Leptictidium ("graceful weasel" in Latin) is an extinct genus of small mammals; together with macropods, ground pangolins, and humans, they are the only known completely bipedal mammals. Comprising five species, they resembled today's elephant shrews. They are especially interesting for their combination of characteristics typical of primitive eutherians with highly specialized adaptations, such as powerful hind legs and a long tail which aided in locomotion. They were omnivorous, their diet a combination of insects, lizards and small mammals. One of the first branches to split from basal eutherians, they appeared in the Lower Eocene, a time of warm temperatures and high humidity, roughly fifty million years ago. Although they were widespread throughout Europe, they became extinct around thirty-five million years ago with no descendants, probably because they were adapted to live in forest ecosystems and were unable to adapt to the open plains of the Oligocene.
Leptictidium is a special animal because of the way its anatomy combines quite primitive elements with elements which prove a high degree of specialization. It had small fore legs and large hind legs, especially at the distal side (that further from the body). The lateral phalanges of its forelegs (fingers I and V) were very short and weak, finger III was longer and fingers II and IV were roughly equal in size, and slightly shorter than finger III. The tips of the phalanges were elongated and tapered.
The ankles and the sacroiliac joint were quite loosely fixed, while the pelvis had a flexible joint with only one coccygeal vertebra. The anteorbital muscle fenestrae in their crania suggest they probably had a long and mobile snout, similar to that of elephant shrews.
Leptictidium had wide diastemata in the antemolar row, its upper molar teeth were more transverse than those of the North American leptictids and its fourth premolars were molariform. Its C1 canines were incisiviform. Its dentition was quite small in comparison to the size of the mandible and the animal as a whole.
It varied between 60 and 90 cm (24–36 in) in length (more than half of which belonged to the bald tail), and 20 cm (8 in) in height. It weighed a couple of kilograms. These sizes could vary from one specimen to another.
One of the mysteries about Leptictidium is whether it moved by running or by jumping. Because there are very few completely bipedal mammals, it is difficult to find an appropriate living model to compare it with. If the kangaroo is used, it is probable that Leptictidium hopped along with its body tilted forward, using its tail as a counterweight. On the other hand, elephant shrews combine both types of locomotion; they usually move on four legs, but they can run on two legs to flee from a predator. Studies of the bone structure of Leptictidium have yielded contradicting information: its leg articulations appear too weak to have supported the shock of repeated jumps, but its long feet were obviously adapted for jumping rather than running.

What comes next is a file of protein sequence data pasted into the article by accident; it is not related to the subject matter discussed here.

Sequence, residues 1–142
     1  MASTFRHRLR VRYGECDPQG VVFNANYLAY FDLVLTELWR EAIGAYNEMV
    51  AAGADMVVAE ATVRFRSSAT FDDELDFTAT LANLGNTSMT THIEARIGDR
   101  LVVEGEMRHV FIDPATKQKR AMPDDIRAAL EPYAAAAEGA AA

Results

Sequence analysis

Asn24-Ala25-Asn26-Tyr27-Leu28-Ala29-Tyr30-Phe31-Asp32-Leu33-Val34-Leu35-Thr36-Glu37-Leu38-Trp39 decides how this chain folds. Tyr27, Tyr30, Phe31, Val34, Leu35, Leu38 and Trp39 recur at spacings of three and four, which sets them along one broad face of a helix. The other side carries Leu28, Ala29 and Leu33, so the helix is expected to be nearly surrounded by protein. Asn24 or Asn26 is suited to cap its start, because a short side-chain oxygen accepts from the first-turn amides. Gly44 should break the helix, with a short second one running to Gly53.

Kenneth D. Rose compared the species L. nasutum with the leptictid Leptictis dakotensis. L. dakotensis had a series of traits which show it was a running animal which sometimes moved by jumping. Despite the marked similarities between Leptictis and Leptictidium, there are certain differences in their skeletons which prevent the example of Leptictis from being used to determine with certainty the way Leptictidium moved: the most important being that, unlike Leptictis, the tibia and the fibula of Leptictidium were not fused together.
Perfectly preserved fossils of three different species of Leptictidium have been found in the Messel pit in Germany. The marks on their fur have been preserved, as well as their stomach contents, which reveal Leptictidium were omnivores which fed on insects, lizards and small mammals. The holotype of L. tobieni also had pieces of leaves and notable amounts of sand in its abdomen, but it cannot be determined with certainty if the animal swallowed it.
Since Leptictidium young were very vulnerable to attacks of predators, it is probable that they were born quite developed and that they became independent when they were still quite young. From the behavior of today's elephant shrew, the possibility can be suggested that Leptictidium young went out to hunt with their mother, and that they learned to distinguish prey by licking their mother's mouth when she had just caught an animal, in order to know the flavor of food.
Leptictidium lived in the European subtropical forests of the Eocene. From the beginning of this period, the temperature of the planet rose in one of the quickest (in geological terms) and most extreme episodes of global warming in the geological record, termed Paleocene–Eocene Thermal Maximum. It was an episode of quick and intense (of up to 7°C in high latitudes) warming which lasted less than 100,000 years. The thermal maximum caused a great extinction which is used to distinguish the Eocene fauna from that of the Paleocene.
The global climate of the Eocene was probably the most homogeneous of the Cenozoic; the temperature gradient from the equator to the poles was half that of today's, and the deep ocean currents were exceptionally warm. The polar regions were much warmer than today, maybe as warm as the Pacific Northwest nowadays. Temperate forests reached the poles themselves, while rainy tropical climates reached 45° N. The greatest difference was in temperate latitudes; nevertheless, the climate at the tropics was probably similar to today's.